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From Wikipedia 18 Apr 2009 version:

Derivatives are financial contracts, or financial instruments, whose values are derived from the value of something else (known as the underlying). The underlying value on which a derivative is based can be an asset (e.g., commodities, equities {stocks}, residential mortgages, commercial real estate, loans, bonds), an index (e.g., interest rates, exchange rates, stock market indices, consumer price index {CPI} see inflation derivatives), weather conditions, or other items. Credit derivatives are based on loans, bonds or other forms of credit.

The main types of derivatives are forwards, futures, options, and swaps.

Derivatives can be used to mitigate the risk of economic loss arising from changes in the value of the underlying. This activity is known as hedging. Alternatively, derivatives can be used by investors to increase the profit arising if the value of the underlying moves in the direction they expect. This activity is known as speculation.

Because the value of a derivative is contingent on the value of the underlying, the notional value of derivatives is recorded off the balance sheet of an institution, although the market value of derivatives is recorded on the balance sheet.



Before going on, the three forms of capital need to be in mind. They are:
  • Human (where it all starts), is the first kind.
  • Items of manufacture (implements, processes, products, edifices, literature, music), and land, the second kind: all products of human hands and minds, and
  • Money, the currency of exchange between the other two forms of capital, is the third kind.

Commentary: Stop and think about this. Money is capital. Smart money {most sophisticated in forecasting trends) ends up becoming more smart money. Those already loaded with dough are in the best position to increase their dough. Who can argue with that? We all want to win. Is it right? Is it really this simple? Neither.

As a society, we seem to have lost contact with true capitalism. Most fundamentally capitalism is the science, technology, and practice of value creation and exchange. It can operate in any social system, even the most social ones. Capitalism is deeply ingrained in China, a one-party state, and also in Sweden, a leading democracy. The fundamental problem for societies is then: Which society returns the most for its investment. This is the national measure that counts. On that score, the US badly trails the pack.

What makes capitalism complex, not to mention erratic, is the human equation. Humans, products of the jungles and savannas, are primarily emotional creatures. Many writers we have read claim humanity is political by nature. It is the emotional element they refer to. And emotions manifest in several ways, aggression, obedience, conventionalism, altruism, and parenting. Combine the first three and you have the makings for creating groups that have the same inclinations for competition and even violence that individuals do. Combine the last three and you have their counter-point--preservation of life itself first and foremost. We are are at war with other societies because as individuals we are still at war with ourselves.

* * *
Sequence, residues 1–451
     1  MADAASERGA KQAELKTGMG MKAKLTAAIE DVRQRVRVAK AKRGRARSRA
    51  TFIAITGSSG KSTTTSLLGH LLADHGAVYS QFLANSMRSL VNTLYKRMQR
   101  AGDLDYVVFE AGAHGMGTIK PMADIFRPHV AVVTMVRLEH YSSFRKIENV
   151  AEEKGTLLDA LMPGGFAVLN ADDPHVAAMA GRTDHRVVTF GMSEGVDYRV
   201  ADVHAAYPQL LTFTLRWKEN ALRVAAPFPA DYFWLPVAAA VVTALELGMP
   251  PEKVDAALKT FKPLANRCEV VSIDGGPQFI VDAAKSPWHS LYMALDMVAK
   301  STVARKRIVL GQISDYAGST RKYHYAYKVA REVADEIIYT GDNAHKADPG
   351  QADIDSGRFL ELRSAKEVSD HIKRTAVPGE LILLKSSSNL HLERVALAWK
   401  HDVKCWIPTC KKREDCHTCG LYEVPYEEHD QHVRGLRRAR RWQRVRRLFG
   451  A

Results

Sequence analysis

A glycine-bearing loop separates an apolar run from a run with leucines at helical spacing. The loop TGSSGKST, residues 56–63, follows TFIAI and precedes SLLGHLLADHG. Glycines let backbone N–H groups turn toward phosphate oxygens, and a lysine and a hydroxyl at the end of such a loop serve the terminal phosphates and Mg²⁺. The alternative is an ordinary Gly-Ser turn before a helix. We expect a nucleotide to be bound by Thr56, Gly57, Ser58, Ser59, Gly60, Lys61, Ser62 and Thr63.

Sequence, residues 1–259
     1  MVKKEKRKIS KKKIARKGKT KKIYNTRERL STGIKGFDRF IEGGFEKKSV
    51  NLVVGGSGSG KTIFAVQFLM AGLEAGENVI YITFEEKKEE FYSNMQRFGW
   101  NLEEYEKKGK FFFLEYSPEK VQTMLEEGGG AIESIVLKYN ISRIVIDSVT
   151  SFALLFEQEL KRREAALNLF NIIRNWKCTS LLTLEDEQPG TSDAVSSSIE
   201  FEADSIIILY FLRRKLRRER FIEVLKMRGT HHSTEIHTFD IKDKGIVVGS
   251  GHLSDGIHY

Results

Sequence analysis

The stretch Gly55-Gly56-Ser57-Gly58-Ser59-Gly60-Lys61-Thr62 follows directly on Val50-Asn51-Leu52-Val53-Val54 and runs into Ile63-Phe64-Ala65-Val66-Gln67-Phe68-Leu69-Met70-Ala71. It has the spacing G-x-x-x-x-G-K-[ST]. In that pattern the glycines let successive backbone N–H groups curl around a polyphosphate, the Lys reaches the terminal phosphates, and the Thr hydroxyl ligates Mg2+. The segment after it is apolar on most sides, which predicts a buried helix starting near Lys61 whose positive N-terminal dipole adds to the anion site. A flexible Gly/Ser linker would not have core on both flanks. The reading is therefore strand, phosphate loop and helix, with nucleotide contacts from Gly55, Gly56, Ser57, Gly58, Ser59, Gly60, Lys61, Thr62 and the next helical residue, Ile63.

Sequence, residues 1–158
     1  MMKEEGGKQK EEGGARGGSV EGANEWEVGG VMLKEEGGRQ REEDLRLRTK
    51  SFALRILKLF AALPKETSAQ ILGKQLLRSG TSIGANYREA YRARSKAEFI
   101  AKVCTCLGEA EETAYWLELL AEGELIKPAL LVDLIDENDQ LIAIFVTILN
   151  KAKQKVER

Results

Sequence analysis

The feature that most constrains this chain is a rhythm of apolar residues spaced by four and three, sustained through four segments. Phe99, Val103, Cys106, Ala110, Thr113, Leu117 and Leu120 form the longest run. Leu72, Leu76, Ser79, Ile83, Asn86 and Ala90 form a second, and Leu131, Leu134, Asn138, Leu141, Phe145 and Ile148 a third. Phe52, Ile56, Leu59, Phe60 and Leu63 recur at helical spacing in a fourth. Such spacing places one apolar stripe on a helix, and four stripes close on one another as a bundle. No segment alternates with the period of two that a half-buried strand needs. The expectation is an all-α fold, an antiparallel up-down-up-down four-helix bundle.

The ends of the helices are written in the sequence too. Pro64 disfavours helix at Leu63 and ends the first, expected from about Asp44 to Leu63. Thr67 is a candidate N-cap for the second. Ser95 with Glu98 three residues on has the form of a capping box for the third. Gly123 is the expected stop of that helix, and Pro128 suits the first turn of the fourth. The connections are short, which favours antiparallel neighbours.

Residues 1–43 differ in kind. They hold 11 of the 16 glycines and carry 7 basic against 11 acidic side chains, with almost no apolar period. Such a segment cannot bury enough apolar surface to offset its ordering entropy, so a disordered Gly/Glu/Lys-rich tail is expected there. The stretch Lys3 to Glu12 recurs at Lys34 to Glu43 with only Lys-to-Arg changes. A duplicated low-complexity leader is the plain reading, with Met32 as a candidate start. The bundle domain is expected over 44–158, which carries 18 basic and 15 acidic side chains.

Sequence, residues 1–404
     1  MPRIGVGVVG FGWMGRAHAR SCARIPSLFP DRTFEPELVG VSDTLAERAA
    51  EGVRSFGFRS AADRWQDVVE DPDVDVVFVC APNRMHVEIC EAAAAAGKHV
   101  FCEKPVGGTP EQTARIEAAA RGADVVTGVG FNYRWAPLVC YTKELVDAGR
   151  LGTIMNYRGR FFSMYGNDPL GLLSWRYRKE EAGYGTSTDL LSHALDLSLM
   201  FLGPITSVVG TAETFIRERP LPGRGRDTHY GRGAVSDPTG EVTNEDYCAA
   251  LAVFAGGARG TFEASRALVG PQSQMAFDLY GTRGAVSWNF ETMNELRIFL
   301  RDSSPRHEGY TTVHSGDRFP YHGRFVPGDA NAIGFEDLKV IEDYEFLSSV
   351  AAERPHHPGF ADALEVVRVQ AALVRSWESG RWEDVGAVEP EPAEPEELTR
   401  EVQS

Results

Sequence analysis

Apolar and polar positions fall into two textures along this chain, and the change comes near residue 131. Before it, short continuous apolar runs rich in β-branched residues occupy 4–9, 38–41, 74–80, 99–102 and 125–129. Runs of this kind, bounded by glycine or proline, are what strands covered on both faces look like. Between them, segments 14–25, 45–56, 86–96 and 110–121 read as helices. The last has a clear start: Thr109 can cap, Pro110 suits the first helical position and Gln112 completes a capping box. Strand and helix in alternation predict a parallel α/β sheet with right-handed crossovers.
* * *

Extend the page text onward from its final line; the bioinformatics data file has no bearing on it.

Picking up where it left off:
Many people, perhaps most, rise above emotions. But to make capitalism work well, emotions must be set aside, or controlled until they can be. Unless and until that can be done, our pocket books will not balance in any equation of fairness to all. A few people will wind up with everything. It is like the world series of poker, one ultimate winner. Study the US history of the last two decades and a marked widening in the extremes of personal value is markedly apparent, a factor of ten or so above most comparable democracies. The rest of the world is in this sense more democratic than we are.

Equal opportunity?
Are we as well off or worse off than many other nations?


Democracy itself is thus not as compatible with capitalism as it might otherwise be if humans were free of emotions. For example, democracy is supposed to guarantee freedom. But is not our freedom affected by our richness as a nation? Our richness as a nation has just taken a huge hit, we owe other countries much more than they owe us, and that imbalance is increasing and will not reverse anytime soon, short of a national default as a nation. There is such a thing as "too-bigness." There some ten huge banks in America that are too big to be allowed to fail. If that is not a problem crying out for solution, we have never seen one.

So how do we start? For how we got where we are, Las Vegas serves as a medium for understanding what happened in the housing market. By analogy, yhe little guys, the dice rollers, are on the short end of the odds. So on average they must lose. They may well rationalize that they have had fun in Vegas, and indeed they may have. At the end of the day, however, the dice rollers go home with less currency than they once had. The casino owners take what is left after paying their employees and operating expenses; and that is almost beyond imagination. Where fun leaves off and robbery begins is a question with no good answer. Is it really robbery, when we citizens are as culpable as the casinos.

This is human nature in action. If this was all there is to the money equation, there should be no effects beyond making some people richer than others. But what happens when bankers begin rolling dice with derivatives? Unlike Las Vegas, the derivative dice depend directly on tangible capital of the second kind. In a decade, we have witnessed two bubbles in value, the Dot.com and the Housing. The differ most in their severity, not at all in fundamental cause.

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